Hardness testing is a method used to determine the strength of a material. It measures resistance to penetration. The results of this test are useful when it comes to material selection because the hardness value measured determines the machining of the material and its ability to wear.
The Usefulness of Material Testing
First, understand that hardness describes a material’s characteristics and not physical property. It is the resistance to indentation, determined when the depth of the indentation is measured. The microstructure of the material should be a key determinant of the hardness test you choose. That should include the homogeneity, the size of the part to be tested, the condition and the type of material.
It is necessary to determine the properties of the material to define durability, flexibility, capabilities and strength. Hardness testing is minimally non-destructive, and when compared to other types of test methods, it is cost-effective. More so, unlike most other methods, it can be performed on the component without the need for major alterations.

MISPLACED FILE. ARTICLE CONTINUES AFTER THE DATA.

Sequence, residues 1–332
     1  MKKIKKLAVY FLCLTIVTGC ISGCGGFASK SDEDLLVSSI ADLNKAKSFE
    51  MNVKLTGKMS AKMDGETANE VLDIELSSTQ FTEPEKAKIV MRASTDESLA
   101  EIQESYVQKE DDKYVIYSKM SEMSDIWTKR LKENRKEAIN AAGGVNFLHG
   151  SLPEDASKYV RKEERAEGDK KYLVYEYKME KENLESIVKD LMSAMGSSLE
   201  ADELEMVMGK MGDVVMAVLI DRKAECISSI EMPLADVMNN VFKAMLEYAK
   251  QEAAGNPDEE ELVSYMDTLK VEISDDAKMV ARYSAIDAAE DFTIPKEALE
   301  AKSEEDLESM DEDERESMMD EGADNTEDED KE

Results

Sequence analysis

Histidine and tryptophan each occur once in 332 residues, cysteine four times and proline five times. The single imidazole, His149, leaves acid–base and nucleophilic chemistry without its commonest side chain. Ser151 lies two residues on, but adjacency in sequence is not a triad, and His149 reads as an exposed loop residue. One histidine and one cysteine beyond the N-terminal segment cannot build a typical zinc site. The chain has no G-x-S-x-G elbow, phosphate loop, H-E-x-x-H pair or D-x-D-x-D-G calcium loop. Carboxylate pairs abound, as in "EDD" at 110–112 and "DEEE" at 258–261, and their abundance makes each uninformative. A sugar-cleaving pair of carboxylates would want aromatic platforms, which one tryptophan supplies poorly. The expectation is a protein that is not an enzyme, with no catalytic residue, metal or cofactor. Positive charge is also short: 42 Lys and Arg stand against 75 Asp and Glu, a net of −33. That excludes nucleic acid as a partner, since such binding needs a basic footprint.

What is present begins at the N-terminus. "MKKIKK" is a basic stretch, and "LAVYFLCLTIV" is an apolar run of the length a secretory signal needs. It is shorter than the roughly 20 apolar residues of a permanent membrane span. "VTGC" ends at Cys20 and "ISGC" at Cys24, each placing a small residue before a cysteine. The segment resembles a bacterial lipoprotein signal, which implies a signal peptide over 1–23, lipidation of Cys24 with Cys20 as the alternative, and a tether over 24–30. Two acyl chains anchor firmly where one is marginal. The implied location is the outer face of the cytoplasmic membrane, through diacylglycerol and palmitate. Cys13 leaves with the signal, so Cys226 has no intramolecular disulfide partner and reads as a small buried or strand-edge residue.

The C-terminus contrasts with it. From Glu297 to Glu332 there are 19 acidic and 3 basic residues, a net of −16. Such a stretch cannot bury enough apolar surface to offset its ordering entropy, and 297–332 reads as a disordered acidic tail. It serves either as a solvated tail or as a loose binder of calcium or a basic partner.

Common Hardness Test Methods
The Rockwell hardness testing method is mostly employed on forgings, castings and large metals. This is because this test produces larger indentations, which are clearer. The Brinell test is performed on any metallic material.
It is also commonly applied to castings with grain structures that are too coarse for other testing methods. Vickers and Knoop methods are employed for smaller samples. Engineers use these two methods to determine the hardness of a coating or a surface on case-hardened surfaces.
Hardness tests play a crucial role in quality control. This method determines the aspects of a material, helping engineers to determine if the metal meets its intended purpose.